Dymphny Dronyk is a mediator by vocation, and communications consultant by default. She works a mediator for Alberta Justice and is also a writing and life coach. She is passionate about the magic of story, and has woven words for money and for love for more than 30 years. Her first volume of poetry, 
Contrary Infatuations, was short-listed for the Pat Lowther Award and the Stephan G. Stephansson Award for Poetry in 2008. She is the co-publisher and co-editor at House of Blue Skies whose bestselling anthologies include 2014’s The Calgary Project – A City Map in Verse and Visual. She is also editor of the online Blue Skies Poetry forum.

She is currently working on a manuscript of poems about immigration in Dutch, her mother tongue, and in English, her second language, entitled Exiled Transatlantic. 

  Bedlam Cowslip,  by Jeanette Lynes

Bedlam Cowslip, by Jeanette Lynes

FRIDAY, april 15, 2016

jeanette lynes &
carla funk

Jeanette Lynes’ seventh book of poetry, Bedlam Cowslip: The John Clare Poems published by Wolsak and Wynn's Buckrider Books imprint (2015) has been shortlisted for two Saskatchewan Book Awards. Jeanette's first novel, The Factory Voice, was long listed for the Scotia Bank Giller Prize and a Re Lit Award.  Jeanette directs the MFA in Writing at the University of Saskatchewan. She lives in Saskatoon.

  Gloryland,  by Carla Funk

Gloryland, by Carla Funk

Carla Funk, in her fifth book of poetry, illuminates the small and marvelous marginalia of earth, like the glistening trail of a snail on route, and looks prophetically to the not-so-distant future where cities burn and the body falls to ruin. A meditation on endings, intermingling wonder and praise with question and elegy, Gloryland offers poems for an apocalyptic age.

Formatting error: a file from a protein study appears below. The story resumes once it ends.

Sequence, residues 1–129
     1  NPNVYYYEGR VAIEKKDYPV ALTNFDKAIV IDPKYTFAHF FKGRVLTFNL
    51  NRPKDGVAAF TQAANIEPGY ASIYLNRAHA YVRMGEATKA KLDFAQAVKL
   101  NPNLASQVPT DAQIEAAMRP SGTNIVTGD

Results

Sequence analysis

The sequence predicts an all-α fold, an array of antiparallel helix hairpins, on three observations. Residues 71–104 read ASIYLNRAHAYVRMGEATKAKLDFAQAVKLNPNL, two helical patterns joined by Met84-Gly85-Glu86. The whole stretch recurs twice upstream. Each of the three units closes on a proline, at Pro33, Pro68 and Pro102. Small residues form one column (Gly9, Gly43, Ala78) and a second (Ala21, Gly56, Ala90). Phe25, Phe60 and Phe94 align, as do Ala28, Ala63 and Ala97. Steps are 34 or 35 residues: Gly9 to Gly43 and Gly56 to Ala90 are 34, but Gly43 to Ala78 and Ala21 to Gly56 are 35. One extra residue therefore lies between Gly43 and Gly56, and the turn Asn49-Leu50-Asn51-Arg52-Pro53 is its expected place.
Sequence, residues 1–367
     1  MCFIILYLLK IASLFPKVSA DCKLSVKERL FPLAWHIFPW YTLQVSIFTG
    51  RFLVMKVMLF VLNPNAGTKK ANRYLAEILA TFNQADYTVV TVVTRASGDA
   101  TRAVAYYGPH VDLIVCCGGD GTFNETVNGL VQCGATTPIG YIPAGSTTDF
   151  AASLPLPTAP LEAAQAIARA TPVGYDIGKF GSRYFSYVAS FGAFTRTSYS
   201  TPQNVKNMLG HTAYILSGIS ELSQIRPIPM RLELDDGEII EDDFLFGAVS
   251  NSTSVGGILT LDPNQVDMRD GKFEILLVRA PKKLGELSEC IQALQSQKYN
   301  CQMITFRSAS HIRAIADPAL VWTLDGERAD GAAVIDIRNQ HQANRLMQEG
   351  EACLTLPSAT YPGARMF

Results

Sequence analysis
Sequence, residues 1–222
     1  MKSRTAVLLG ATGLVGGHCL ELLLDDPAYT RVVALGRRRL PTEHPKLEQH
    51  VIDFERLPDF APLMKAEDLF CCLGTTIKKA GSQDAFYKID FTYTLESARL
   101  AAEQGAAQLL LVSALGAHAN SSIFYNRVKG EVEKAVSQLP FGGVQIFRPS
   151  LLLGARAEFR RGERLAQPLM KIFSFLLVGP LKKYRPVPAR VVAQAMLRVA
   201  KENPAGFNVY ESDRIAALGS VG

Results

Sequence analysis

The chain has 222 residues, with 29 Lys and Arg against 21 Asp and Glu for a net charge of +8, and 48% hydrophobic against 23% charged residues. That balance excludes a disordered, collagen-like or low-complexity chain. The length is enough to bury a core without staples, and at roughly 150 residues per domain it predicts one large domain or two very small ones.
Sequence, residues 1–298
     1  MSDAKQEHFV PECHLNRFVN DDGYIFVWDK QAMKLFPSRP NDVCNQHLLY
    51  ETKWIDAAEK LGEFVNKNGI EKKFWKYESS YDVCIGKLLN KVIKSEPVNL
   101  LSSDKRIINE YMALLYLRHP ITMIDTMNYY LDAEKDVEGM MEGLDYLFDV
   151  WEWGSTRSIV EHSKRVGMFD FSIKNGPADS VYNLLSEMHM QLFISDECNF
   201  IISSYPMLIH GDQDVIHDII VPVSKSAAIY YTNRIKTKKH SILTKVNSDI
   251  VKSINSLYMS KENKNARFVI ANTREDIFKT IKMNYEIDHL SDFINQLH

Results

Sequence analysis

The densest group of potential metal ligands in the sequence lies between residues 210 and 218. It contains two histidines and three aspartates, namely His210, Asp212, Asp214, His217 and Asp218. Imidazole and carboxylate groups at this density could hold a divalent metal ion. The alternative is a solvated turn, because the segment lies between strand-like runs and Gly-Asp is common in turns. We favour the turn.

Born and raised in Vanderhoof, BC, one of the earliest Mennonite settlements in the province, Carla Funk now lives and teaches writing in Victoria, where she served as the city’s inaugural poet laureate from 2006–2008. Her previous books of poetry include The Sewing Room (Turnstone Press, 2006) and Apologetic (Turnstone Press, 2010).

 The latest from Gary Geddes.

The latest from Gary Geddes.

FRIDAY, APRIL 22, 2016

GARY GEDDES & 
SUSAN TELFER

Gary Geddes, winner of the Commonwealth Poetry Prize (Americas Region), Lt-Governor’s Award for Literary Excellence, and the Gabriela Mistral Prize, has published 45 books. He lives on Thetis Island. 

About The Resumption of Play:
The title poem, winner of the Malahat Review Long Poem Prize, is “compelling” and “deeply necessary . . . the drive of narrative told with the sonic patterning of poetry.” It’s the urgent story of an Indian residential school survivor, complex, scarred, articulate, flashing with rage and mordant humour and tackles the collision between Aboriginal and Western systems of thought. It’s followed by elegies for the poet’s mother, Pound, Brodsky, Diaghilev, Stravinsky, Virginia Woolf, Bronwen Wallace, and much more.


Susan Telfer is the author of two collections of poetry. Her previous book of poems, House Beneath, was published by Hagios Press in 2009. Her poetry has been published in magazines coast-to-coast and anthologized in Desperately Seeking Susans and Poems from Planet Earth. She appeared at the Festival of Written Arts in 2013 and won the Vancouver Writer’s Festival Poetry Contest that year. She was born and raised on the West Coast and now lives in Gibsons, BC, where she teaches at Elphinstone Secondary.